Chapter 20: Do not corrupt the people of the law court, nor put aside the just man; do not agree because of garments of white, nor accept one in rags. Take not the gift of the strong man, nor repress the weak for him. Justice is a wonderful gift of God, and He will render it to whomever he wishes… Do not falsify the oracles on a papyrus and (thereby) alter the designs of God. Do not arrogate to yourself the might of God as if Destiny and Fortune did not exist… Hand property over to its (rightful) owners, and seek out life for yourself…

Chapter 21: Do not say, I have found a strong protector and now I can challenge a man in my town. Do not say, I have found an active intercessor, and now I can challenge him whom I hate. Indeed, you cannot know the plans of God; you cannot perceive tomorrow… Empty not your soul to everybody, and do not diminish thereby your importance; do not circulate your words to others, nor fraternize with one who is too candid. Better is a man whose knowledge is inside him than one who talks to disadvantage…

Chapter 22: Do not castigate your companion in a dispute, and do not him say his innermost thoughts… May you first comprehend his accusation and cool down your opponent…

Chapter 23: Do not eat a meal in the presence of a magistrate, nor set to speaking first. 
If you are satisfied with false words, enjoy yourself with your spittle. Look at the cup in front of you, and let it suffice your need…

Chapter 24: Do not listen to the accusation of an official indoors, and then repeat it to another outside. 
Do not allow your discussions to be brought outside, so that your heart will not be grieved…

Chapter 25: Do not jeer at a blind man nor tease a dwarf, neither interfere with the condition of a cripple…

Chapter 26: Do not stay in the tavern and join someone greater than you, whether he be high or low in his station, an old man or a youth; but take as a friend for yourself someone compatible… When you see someone greater than you outside, and attendants following him, respect (him).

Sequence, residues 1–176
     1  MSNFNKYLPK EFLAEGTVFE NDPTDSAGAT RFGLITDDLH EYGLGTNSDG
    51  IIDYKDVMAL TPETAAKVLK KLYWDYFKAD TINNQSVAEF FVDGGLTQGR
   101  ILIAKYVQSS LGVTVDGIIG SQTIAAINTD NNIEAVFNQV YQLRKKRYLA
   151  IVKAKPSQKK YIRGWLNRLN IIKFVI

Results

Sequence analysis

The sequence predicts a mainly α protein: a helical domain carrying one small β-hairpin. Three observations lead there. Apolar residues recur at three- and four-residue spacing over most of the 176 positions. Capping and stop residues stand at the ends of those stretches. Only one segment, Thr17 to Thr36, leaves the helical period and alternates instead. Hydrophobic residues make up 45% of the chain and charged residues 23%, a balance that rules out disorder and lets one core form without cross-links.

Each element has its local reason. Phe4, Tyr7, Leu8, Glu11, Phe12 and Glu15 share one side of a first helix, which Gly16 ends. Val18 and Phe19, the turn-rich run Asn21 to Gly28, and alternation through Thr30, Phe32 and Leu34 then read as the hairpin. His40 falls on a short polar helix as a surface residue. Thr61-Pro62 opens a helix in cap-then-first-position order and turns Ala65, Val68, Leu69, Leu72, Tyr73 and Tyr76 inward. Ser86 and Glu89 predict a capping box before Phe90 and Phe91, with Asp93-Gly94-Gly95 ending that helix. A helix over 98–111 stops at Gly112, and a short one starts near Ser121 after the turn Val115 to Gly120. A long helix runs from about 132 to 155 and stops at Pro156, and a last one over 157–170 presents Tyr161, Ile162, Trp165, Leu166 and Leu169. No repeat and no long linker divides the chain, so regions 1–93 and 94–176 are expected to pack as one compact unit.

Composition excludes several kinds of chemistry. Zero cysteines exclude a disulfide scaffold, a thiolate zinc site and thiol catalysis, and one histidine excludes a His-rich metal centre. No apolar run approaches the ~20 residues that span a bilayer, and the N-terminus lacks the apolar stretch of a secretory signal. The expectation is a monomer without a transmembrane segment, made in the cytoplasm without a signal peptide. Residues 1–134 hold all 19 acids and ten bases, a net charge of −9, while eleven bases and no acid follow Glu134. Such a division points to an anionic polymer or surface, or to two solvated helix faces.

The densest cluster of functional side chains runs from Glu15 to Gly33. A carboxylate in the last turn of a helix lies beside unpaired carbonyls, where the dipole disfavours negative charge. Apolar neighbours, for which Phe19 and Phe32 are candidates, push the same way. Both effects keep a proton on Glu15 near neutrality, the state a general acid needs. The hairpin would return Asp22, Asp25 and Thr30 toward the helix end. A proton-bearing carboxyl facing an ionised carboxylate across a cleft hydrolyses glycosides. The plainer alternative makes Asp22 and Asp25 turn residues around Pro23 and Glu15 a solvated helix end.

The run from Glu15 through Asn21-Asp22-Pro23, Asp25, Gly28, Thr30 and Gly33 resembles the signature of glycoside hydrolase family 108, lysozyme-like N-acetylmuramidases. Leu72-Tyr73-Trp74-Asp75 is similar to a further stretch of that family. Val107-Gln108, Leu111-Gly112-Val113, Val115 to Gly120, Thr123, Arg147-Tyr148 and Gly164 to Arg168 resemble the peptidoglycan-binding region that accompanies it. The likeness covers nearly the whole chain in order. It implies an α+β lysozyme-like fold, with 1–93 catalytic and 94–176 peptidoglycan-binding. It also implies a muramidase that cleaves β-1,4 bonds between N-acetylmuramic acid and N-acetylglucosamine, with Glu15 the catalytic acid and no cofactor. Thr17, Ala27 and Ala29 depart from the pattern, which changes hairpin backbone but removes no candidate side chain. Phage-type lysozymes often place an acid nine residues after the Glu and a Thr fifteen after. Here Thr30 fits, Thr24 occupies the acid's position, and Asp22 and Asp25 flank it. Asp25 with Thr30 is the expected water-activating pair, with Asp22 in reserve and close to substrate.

And give a hand to an old man filled with beer: respect him as his children would. The strong arm is not weakened when it is uncovered, the back is not broken when one bends it; better is the poor man who speaks sweet words than the rich man who speaks harshly.

Chapter 27: Do not reproach someone older than you, for he has seen the Sun before you; do not let yourself be reported to the Aten when he rises, with the words, “Another young man has reproached an elder”…

Chapter 28: Do not expose a widow if you have caught her in the fields, nor fail to give way if she is accused. 
Do not turn a stranger away your oil jar that it may be made double for your family. 
God loves him who cares for the poor, more than him who respects the wealthy.

Chapter 29: Do not turn people away from crossing the river when you have room in your ferryboat…

Chapter 30: Mark for your self these thirty chapters: they please, they instruct, they are the foremost of all books; they teach the ignorant. 
If they are read to an ignorant man, he will be purified through them…
Now, consider the OT’s Proverbs. Below, I’ve arranged a number of them in three groups, in an attempt to illustrate that: 1) Similar to the claims made one to two thousand years earlier by the Sumerians and Egyptians, the Jewish clerics claimed that their customs came from their god, 2) Some of the proverbs certainly contain wisdom (reflecting the best customs of the Jews), and 3) Some of the proverbs are quite unwise. I’ve copied these proverbs from the digitized NET version of the Bible and added a few notes in brackets (especially to explain my reasons for claiming that some of the proverbs are unwise).

I. The claim in the OT’s Proverbs that God is the source:
2.6 For the Lord gives wisdom, and from his mouth comes knowledge and understanding.

6:16 There are six things that the Lord hates, even seven things that are an abomination to him: haughty eyes, a lying tongue, and hands that shed innocent blood, a heart that devises wicked plans, feet that are swift to run to evil, a false witness who pours out lies, and a person who spreads discord among family members.

8:22 The Lord created me [Wisdom] as the beginning of his works, before his deeds of long ago. From eternity I was appointed, from the beginning, from before the world existed.

11:1 The Lord abhors dishonest scales, but an accurate weight is his delight.

12:2 A good person obtains favor from the Lord, but the Lord condemns a person with wicked schemes.

14:31 The one who oppresses the poor insults his Creator, but whoever shows favor to the needy honors him.